Advanced systemic mastocytosis is a progressive disorder that causes the atypical buildup of mast cells in different organs in the body. Treatment aims to slow the progression of the condition and relieve symptoms.
Some symptoms of advanced systemic mastocytosis include headache, diarrhea, hypotension, and more. Doctors may order various tests to diagnose the condition and advise on a suitable treatment plan.
Read on to learn more about advanced systemic mastocytosis, including the symptoms, causes, and more.
Advanced systemic mastocytosis is an advanced form of the condition that may cause different signs and symptoms, including:
- hypotension or low blood pressure
- peptic ulcer disease
- rash-like skin lesions
- lymphadenopathy, or swollen lymph nodes
- hepatosplenomegaly, or an enlarged liver and spleen
- dysplasia, or the atypical growth of cells
- marked cytopenia, or a reduced number of blood cells
- osteolysis, or bone degeneration
- ascites, where fluid collects in the abdomen
The American Academy of Allergy Asthma and Immunology (AAAAI) notes that people may experience multiple symptoms as the condition progresses, affecting different organs. Without early diagnosis and treatment, advanced systemic mastocytosis may lead to tissue damage and organ failure, affecting life expectancy.
Genetic mutation of the KIT genes plays a role in the development of advanced systemic mastocytosis, leading to the atypical buildup of mast cells in one or more tissues.
The KIT genes control chemical signaling pathways that instruct the growth of different cells in the body, including mast cells. Mast cells prevent foreign body invasion through inflammatory responses.
Certain factors may activate the mast cells. Possible triggers include:
- minor injury
- temperature changes
- insect stings
- some vaccines
- anxiety or stress
- certain medications, such as opioids, aspirin, and nonsteroidal anti-inflammatory drugs
A doctor may perform several examinations and tests to help diagnose advanced systemic mastocytosis. These include the following:
- Blood test: Complete blood count and elevated tryptase levels can help differentiate the variants of advanced systemic mastocytosis. Tryptase is an enzyme that primarily comes from mast cells.
- Bone marrow biopsy: Using a long needle, the doctor will remove a sample of bone marrow tissue for further testing. A person will receive a local anesthetic before this procedure.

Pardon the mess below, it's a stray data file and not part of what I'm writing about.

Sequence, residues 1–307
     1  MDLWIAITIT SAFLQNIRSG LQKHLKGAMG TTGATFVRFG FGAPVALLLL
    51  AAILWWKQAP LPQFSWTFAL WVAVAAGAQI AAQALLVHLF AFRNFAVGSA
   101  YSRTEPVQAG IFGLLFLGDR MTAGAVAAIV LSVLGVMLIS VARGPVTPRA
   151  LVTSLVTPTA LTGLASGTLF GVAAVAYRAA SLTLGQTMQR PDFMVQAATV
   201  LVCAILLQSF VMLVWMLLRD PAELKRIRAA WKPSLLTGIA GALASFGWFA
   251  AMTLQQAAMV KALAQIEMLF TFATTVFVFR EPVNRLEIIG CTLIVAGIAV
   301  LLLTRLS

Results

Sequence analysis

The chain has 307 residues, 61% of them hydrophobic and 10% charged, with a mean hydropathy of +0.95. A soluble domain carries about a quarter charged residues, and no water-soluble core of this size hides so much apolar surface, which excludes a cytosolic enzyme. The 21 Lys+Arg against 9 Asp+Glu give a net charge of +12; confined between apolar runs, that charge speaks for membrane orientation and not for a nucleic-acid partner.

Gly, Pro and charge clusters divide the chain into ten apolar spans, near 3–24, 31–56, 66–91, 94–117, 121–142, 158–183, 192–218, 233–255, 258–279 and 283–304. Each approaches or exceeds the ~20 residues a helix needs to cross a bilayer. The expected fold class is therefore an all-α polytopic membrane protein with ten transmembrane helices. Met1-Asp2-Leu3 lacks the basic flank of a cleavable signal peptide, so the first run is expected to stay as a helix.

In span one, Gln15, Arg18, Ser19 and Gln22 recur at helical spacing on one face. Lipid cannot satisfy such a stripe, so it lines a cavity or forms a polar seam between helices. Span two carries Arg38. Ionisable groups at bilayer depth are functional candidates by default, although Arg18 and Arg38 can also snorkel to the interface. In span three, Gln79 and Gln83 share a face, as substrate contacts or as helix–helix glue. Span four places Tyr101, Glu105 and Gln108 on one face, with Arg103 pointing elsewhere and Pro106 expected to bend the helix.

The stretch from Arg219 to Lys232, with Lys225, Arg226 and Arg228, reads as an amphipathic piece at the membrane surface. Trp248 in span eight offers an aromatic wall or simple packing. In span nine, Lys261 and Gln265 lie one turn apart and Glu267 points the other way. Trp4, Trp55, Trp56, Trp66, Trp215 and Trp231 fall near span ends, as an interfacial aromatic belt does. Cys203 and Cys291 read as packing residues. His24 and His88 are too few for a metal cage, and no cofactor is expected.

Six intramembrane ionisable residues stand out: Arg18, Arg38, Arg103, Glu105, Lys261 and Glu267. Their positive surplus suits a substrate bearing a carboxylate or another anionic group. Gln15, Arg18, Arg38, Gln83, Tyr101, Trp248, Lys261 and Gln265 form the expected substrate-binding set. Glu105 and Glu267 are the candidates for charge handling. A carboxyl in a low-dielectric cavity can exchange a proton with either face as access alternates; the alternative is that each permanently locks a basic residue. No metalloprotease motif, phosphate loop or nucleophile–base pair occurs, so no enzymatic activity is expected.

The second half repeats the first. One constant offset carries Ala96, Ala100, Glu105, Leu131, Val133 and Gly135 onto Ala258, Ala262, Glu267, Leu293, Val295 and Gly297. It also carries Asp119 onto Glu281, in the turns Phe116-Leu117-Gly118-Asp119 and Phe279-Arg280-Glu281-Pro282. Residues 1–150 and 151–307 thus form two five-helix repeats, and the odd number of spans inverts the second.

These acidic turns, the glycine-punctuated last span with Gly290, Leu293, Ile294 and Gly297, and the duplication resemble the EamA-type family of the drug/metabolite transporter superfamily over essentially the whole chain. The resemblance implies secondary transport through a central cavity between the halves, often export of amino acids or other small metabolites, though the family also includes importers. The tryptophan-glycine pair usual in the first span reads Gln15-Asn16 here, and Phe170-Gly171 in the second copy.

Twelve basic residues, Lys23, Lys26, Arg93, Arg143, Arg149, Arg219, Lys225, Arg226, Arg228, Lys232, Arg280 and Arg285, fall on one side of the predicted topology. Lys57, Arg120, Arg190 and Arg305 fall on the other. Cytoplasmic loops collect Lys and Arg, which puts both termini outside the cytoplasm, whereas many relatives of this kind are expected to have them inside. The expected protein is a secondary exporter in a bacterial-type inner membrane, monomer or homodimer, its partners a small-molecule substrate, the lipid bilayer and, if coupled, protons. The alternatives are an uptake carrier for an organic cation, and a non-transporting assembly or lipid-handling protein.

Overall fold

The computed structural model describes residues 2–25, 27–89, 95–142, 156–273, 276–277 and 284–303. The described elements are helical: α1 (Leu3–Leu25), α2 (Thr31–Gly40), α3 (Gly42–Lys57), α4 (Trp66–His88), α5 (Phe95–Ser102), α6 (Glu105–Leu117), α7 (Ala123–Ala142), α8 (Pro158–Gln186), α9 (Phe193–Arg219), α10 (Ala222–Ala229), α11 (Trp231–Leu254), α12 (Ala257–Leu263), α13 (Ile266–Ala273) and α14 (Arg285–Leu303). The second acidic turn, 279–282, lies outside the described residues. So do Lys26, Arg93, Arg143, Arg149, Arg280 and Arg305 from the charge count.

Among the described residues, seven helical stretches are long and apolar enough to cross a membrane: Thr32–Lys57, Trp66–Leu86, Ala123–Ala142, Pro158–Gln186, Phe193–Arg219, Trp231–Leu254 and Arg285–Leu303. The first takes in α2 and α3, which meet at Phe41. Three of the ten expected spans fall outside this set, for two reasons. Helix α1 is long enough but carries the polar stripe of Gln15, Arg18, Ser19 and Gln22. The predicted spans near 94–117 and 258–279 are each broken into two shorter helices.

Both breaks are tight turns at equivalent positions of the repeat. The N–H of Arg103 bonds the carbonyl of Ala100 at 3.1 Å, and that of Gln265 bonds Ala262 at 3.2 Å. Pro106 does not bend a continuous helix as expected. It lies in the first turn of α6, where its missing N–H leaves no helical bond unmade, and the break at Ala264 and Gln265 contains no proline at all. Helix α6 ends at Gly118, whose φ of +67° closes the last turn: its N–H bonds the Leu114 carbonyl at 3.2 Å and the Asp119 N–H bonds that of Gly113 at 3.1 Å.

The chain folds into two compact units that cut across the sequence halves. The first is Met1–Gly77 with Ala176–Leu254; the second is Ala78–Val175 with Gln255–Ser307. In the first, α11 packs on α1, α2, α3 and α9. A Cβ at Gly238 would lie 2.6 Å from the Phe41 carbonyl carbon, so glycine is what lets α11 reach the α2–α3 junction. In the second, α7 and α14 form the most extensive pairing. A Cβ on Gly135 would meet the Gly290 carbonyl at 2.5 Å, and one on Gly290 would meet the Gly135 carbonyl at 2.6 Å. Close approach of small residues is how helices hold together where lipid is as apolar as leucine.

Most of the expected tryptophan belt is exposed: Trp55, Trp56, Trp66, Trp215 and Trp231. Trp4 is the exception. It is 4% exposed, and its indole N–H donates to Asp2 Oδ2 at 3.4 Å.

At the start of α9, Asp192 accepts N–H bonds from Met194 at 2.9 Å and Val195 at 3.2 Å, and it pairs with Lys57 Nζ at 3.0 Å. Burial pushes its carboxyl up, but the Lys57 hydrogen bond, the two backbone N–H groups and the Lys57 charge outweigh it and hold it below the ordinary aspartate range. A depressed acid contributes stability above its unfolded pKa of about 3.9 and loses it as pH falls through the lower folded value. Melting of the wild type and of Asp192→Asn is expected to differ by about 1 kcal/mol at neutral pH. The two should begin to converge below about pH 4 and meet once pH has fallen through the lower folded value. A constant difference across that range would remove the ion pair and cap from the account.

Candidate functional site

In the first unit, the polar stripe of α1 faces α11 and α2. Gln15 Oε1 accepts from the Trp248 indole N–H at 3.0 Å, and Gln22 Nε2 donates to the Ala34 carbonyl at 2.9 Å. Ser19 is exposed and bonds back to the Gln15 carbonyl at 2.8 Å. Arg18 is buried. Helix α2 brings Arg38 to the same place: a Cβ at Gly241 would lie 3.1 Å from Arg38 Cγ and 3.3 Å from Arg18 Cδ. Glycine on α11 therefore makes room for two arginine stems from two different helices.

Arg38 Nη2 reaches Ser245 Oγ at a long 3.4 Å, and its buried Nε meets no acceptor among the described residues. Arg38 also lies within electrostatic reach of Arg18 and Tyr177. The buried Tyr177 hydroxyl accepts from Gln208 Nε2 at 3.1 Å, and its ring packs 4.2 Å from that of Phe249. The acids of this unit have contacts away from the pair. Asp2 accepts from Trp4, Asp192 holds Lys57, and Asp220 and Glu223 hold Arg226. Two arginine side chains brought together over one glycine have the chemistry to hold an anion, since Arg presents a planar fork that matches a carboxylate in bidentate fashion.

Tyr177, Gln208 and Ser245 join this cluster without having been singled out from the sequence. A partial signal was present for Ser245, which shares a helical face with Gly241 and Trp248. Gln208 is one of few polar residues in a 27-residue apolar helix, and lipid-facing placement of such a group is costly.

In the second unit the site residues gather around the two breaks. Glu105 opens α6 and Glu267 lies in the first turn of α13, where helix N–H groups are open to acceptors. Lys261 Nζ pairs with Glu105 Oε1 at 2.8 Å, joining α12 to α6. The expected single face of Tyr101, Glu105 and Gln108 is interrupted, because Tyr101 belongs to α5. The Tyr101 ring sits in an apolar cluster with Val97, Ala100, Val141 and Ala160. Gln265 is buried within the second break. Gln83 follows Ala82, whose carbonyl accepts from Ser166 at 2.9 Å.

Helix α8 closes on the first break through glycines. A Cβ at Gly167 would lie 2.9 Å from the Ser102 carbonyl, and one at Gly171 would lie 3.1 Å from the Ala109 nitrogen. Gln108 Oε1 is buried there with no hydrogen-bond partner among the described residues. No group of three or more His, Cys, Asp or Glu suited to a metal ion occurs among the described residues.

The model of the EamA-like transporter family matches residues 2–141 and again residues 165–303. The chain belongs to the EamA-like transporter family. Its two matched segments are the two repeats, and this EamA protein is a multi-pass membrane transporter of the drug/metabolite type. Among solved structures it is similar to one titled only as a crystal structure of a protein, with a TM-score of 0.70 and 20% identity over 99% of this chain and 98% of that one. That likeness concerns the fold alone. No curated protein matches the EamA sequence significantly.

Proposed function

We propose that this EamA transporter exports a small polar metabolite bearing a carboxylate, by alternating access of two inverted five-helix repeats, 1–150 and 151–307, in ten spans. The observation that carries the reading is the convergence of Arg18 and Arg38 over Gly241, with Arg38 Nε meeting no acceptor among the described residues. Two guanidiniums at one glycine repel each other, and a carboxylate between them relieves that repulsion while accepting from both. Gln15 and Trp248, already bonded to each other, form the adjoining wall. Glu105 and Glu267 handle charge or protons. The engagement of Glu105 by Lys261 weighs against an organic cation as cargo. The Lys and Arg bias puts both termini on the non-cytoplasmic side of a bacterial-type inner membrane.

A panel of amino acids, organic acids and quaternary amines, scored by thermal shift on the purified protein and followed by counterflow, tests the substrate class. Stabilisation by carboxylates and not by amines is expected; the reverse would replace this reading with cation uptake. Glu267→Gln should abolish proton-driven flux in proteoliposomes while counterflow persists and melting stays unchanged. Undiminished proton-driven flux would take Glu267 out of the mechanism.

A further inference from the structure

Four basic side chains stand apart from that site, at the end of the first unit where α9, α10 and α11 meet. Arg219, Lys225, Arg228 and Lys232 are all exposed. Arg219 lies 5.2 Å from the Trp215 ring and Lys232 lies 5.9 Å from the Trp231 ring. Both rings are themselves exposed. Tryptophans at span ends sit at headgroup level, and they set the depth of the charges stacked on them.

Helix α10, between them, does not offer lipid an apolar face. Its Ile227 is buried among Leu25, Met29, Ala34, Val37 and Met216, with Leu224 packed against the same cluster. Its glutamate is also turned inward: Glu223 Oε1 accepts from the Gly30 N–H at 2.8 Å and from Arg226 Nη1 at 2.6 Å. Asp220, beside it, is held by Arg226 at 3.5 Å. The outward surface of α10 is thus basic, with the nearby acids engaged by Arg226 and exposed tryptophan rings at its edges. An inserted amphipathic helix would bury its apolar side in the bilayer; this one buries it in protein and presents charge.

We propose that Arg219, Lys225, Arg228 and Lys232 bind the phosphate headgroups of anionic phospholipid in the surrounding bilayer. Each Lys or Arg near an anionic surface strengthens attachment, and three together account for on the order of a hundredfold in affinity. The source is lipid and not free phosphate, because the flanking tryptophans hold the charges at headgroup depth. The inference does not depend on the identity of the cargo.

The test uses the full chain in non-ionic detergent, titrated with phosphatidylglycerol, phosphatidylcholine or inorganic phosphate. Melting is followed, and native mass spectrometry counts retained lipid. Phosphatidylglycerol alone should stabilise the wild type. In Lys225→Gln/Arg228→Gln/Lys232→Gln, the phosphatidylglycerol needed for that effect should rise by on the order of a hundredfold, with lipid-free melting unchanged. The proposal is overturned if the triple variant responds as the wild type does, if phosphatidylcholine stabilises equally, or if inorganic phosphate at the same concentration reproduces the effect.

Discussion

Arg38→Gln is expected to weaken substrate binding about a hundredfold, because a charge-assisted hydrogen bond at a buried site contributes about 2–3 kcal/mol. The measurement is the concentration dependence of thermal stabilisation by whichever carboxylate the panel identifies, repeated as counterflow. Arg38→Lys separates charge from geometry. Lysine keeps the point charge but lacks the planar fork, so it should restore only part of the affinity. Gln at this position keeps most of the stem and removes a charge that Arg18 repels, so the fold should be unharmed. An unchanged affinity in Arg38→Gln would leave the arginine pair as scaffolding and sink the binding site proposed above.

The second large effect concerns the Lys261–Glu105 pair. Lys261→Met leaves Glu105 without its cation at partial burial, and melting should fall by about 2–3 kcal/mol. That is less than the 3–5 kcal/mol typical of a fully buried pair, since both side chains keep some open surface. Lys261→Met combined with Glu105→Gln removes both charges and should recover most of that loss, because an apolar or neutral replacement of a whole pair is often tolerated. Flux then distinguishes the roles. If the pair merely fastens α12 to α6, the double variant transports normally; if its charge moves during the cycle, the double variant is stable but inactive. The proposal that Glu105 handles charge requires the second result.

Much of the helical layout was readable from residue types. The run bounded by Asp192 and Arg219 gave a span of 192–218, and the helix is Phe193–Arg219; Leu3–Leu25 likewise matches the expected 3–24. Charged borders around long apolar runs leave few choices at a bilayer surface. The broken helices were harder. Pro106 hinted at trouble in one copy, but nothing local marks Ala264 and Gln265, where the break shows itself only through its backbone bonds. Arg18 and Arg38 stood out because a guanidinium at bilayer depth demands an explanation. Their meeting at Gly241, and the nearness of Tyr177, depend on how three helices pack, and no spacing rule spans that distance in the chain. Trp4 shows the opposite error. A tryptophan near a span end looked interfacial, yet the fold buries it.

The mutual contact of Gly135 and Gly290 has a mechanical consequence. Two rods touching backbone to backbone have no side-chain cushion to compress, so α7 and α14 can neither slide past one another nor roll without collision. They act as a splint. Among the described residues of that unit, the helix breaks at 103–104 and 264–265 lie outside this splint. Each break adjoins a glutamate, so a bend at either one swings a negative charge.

- Imaging tests: Imaging tests, such as ultrasounds, can help the doctor view internal organs and tissues clearly. Additionally, dual-energy X-ray absorptiometry scans can help assess bone density.
A person’s doctor can advise on what tests they order and what they involve.
Treatment for advanced systemic mastocytosis aims to slow the progression of the condition and relieve symptoms. What symptoms a person experiences will help determine their treatment.
Examples of possible treatments for symptoms
- antihistamines for symptoms such as abdominal pain and diarrhea
- oral cromolyn sodium for gastrointestinal symptoms
- pamidronate and low dose interferon-alfa for osteoporosis
Medications a doctor may recommend for the aggressive form of systemic mastocytosis include:
- tyrosine kinase inhibitors
A person’s doctor can advise on what treatment they recommend and can help them create a treatment plan to manage their symptoms.
Possible complications of systemic mastocytosis
- polycythemia vera, which is an increase of red blood cells in the body
- Castleman disease, a condition that involves noncancerous enlargement of lymph node tissue
- monoclonal gammopathy
A person’s doctor can advise on ways they can manage the condition and reduce the risk of complications.
Here are answers to common questions about systemic mastocytosis.
What is the prognosis for advanced systemic mastocytosis?
Without treatment, people with advanced systemic mastocytosis may have a negative outlook. A 2021 study examining the response criteria of advanced systemic mastocytosis found that administering KIT inhibitors such as avapritinib and midostaurin improved this outlook.
It is important to note that each individual’s outlook will differ. A person’s doctor can provide more information about their outlook.
What is the life expectancy of someone with aggressive systemic mastocytosis?
People with aggressive systemic mastocytosis may have a lower life expectancy than those without the condition or individuals with a less aggressive form of it. However, as with the outlook in general, life expectancy can vary from person to person.
Advanced systemic mastocytosis is a progressive disorder that causes the atypical buildup of mast cells in different organs in the body.
People with advanced systemic mastocytosis may have a negative outlook and lower life expectancy without treatment. However, treatment may offer benefits to those with the condition. Treatment for advanced systemic mastocytosis can help slow down the progression of the condition and help with managing symptoms.
It is best to contact a doctor as soon as there are concerns about advanced systemic mastocytosis. They can order tests to confirm the diagnosis and advise on suitable treatments.